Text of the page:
Friday, January 13, 2006

The President comes to visit

This morning I came out of my apartment to find a string of police lining the lot across from my building. I didn’t see anything particularly of interest there. It seemed as though some construction could be underway.

“What’s going on?” I asked one of the officers.

“The President is coming,” he said.

“Why?” I couldn’t imagine what could be interesting there.

“They are building a big house here.”

I later told our driver, Viktor, about the hoopla. “It’s probably the new apartment building they are going to construct for government deputies,” he said.

“What? They are using tax money to build a large apartment building for deputies?” Most of whom spend at least tens of thousands of dollars to get into office. They are about the last people who need to receive free housing.

Sergei explained to me that now, deputies come to Bishkek and complain they have nowhere to live.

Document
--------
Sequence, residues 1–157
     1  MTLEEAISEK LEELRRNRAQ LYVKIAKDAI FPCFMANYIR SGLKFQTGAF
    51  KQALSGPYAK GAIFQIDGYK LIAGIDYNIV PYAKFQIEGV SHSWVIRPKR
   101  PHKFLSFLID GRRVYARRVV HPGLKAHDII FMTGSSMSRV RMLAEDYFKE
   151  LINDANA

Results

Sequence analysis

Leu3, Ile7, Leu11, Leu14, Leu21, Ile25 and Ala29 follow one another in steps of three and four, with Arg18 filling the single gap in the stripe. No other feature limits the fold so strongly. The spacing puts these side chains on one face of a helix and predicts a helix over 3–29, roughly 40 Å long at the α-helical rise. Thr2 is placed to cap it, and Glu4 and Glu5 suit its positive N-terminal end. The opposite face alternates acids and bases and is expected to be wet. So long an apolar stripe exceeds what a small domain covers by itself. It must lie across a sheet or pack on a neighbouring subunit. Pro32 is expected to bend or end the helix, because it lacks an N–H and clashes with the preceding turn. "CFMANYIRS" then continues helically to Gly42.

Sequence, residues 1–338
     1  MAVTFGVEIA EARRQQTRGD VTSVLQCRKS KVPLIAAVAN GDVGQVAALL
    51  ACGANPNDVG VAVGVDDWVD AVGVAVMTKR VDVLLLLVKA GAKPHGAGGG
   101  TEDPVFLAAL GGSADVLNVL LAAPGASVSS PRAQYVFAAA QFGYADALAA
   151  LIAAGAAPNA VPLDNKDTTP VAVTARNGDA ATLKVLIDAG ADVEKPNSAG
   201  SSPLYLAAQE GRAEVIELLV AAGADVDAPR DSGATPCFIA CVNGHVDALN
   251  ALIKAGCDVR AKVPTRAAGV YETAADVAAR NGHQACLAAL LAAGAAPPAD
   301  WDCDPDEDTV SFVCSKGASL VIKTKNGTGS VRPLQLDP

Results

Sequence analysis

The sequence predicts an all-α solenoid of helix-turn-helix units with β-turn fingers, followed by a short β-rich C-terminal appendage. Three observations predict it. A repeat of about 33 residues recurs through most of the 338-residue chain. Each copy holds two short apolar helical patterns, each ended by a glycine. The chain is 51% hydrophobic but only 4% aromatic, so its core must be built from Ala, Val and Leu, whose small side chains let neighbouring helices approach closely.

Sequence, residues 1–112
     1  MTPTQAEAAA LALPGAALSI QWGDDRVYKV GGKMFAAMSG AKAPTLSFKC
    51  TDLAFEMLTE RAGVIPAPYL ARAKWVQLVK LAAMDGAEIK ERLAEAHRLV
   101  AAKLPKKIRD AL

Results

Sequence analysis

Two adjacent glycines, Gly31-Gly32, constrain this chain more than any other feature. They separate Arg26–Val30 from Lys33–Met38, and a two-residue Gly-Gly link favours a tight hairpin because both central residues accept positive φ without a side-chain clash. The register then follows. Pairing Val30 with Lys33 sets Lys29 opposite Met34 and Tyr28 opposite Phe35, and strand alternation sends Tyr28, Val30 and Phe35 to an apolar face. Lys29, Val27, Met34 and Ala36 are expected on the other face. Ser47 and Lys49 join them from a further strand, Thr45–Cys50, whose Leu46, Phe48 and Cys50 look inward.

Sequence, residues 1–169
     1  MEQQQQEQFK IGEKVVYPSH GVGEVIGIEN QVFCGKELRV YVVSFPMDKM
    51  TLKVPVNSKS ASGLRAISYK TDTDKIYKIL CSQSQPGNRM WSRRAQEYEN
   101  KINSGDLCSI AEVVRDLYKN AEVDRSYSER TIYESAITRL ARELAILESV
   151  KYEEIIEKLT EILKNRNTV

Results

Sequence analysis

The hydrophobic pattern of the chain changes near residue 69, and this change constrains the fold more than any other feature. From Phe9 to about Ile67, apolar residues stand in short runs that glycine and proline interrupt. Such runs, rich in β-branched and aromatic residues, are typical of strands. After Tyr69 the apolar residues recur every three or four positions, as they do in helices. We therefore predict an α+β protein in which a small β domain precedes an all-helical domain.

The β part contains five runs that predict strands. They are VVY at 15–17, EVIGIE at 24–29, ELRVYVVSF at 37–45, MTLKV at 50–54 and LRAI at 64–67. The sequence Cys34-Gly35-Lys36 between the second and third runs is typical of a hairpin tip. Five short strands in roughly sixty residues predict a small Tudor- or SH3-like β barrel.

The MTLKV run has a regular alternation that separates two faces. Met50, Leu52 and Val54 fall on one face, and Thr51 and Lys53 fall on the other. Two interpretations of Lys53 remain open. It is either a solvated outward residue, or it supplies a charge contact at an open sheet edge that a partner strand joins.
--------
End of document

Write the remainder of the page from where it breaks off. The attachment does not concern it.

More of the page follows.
“So they government pays for them to buy an apartment. But then when t their term is up, the government doesn’t take it back, but it remains in the name of the deputy. There have even been cases of deputies who already owned an apartment in Bishkek. They put it in a relative’s name, then ask the government to buy it for them. They are basically get the government to pay them for their own apartments. It’s gotten that bad.”

So while the new system seems a bit ridiculous, given the number of poor people who need housing, now all the deputies who need housing will live together in one building. And when their term is up, they’ll move out and the new deputy will move in.

The large expenditure in constructing the building will stop the more expensive practice of buying every new deputy his own apartment in Bishkek.

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